The panic-stricken camels and buffaloes charged madly at elephants, which scared elephants and they went on a confusing rampage, trampling their troops and destroying their army. Timur simply captured Delhi, and the next day he marched into Delhi’s Jahanpanah Fort. He then built towers out of skulls. (1, 2)

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2. The 32nd of the Chinese Thirty-Six Stratagems was the “Empty Fort Strategy.” It was used by Chinese kingdoms and was completely based on luck. This involves using reverse psychology in which fort gates were opened for the enemy to enter so they would think that an ambush was waiting for them inside causing them to eventually retreat.

Empty Fort Strategy
Image credit: 三猎 via Wikimedia.org

The “Empty Fort Strategy” used by Chinese kingdoms is the 32nd of the Chinese Thirty-Six Stratagems. This strategy involves using reverse psychology to confuse the enemy. The fort gates are opened wide for the enemies to enter but instead of entering, they retreat after thinking that an empty location might be a trap set for them and could be a setup for an ambush.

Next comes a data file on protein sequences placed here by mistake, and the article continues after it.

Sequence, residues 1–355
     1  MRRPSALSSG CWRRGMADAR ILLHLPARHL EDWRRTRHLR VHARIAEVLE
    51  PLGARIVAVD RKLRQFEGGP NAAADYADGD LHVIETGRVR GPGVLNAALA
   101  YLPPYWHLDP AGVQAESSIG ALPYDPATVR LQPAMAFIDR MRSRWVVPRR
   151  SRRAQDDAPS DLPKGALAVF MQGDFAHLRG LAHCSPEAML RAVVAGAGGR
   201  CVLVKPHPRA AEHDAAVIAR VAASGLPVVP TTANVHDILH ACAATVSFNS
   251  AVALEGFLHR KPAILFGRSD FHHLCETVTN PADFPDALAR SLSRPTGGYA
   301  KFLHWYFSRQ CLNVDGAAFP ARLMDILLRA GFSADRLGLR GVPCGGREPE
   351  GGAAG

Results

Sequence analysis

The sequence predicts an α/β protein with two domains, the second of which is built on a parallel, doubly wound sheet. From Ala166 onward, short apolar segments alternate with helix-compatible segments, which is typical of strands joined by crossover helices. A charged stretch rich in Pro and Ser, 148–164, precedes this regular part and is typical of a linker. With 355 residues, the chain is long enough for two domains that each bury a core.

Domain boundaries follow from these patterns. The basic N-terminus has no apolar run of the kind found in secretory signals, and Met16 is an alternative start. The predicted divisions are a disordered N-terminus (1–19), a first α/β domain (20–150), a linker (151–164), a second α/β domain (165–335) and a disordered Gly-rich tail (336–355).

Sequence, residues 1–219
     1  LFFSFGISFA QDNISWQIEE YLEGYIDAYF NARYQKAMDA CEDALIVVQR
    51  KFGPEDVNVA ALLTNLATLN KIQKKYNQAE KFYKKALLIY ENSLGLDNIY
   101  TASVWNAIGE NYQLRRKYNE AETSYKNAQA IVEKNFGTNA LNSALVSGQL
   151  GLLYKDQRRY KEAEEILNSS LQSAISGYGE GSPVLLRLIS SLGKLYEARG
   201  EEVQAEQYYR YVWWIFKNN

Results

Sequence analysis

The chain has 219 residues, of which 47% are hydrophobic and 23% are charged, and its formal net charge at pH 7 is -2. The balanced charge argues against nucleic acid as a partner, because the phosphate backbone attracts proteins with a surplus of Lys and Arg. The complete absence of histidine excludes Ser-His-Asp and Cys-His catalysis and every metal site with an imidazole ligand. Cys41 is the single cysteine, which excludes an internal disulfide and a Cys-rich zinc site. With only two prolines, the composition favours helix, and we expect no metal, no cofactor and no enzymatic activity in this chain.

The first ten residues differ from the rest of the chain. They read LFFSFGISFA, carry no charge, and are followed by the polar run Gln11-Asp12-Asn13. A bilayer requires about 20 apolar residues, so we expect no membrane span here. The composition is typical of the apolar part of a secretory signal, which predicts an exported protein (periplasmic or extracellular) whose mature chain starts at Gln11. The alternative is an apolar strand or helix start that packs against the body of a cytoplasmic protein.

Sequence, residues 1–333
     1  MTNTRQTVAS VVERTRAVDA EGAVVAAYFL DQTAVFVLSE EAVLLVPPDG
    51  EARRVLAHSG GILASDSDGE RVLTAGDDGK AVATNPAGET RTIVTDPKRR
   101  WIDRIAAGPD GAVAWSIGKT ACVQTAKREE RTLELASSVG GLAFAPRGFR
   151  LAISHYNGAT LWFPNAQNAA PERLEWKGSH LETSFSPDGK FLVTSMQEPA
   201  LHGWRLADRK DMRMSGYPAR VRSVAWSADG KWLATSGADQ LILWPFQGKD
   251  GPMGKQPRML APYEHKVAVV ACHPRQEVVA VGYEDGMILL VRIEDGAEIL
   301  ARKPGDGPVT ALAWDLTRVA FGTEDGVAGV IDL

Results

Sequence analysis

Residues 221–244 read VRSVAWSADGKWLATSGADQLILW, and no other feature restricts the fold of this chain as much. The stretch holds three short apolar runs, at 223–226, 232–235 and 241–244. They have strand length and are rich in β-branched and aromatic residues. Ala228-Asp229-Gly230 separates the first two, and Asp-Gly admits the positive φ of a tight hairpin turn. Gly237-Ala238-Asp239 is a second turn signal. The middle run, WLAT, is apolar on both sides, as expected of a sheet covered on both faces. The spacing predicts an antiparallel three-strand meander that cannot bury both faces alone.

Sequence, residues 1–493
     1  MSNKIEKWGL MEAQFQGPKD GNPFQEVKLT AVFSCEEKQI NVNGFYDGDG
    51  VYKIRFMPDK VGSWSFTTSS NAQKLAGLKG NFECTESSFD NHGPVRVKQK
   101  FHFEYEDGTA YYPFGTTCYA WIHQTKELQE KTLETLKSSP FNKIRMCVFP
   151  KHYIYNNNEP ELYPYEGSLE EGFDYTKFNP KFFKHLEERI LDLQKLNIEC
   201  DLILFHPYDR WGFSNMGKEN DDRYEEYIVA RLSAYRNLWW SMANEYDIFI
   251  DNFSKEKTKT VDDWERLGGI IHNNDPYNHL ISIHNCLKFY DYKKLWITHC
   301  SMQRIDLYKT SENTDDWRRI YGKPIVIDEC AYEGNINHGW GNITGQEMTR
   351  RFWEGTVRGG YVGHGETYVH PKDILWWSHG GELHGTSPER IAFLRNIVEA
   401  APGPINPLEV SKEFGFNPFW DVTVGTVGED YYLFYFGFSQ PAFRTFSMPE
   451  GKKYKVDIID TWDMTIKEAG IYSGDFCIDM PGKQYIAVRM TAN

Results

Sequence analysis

This Chinese warfare strategy is based on luck and was successfully used by Zhao Yun, Cao Cao, Wen Ping, and many more.

Cao Cao used this strategy against his rival Lü Bu. When Lü Bu arrived with 10,000 troops and Cao Cao had only a few soldiers with him, he set up this trap and defeated Lü Bu.

The Empty Fort Strategy was also used by Liu Bei’s general Zhao Yun during the Battle of Han River in 219 when Zhao Yun tricked his rival Cao Cao and defeated them in the Hanzhong Campaign. (1, 2)

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3. During WWII, to trick Nazis, British illusionist Jasper Maskelyne with his “Magic Gang” consisting of criminals, designers, chemists, etc., hid the Suez Canal with mirrors and reflectors which disoriented enemy pilots resulting in crashes. He created a ghost army consisting of 1,000 dummy tanks and fake pipelines which were easily spotted and bombarded by German aircraft.

Jasper Maskelyne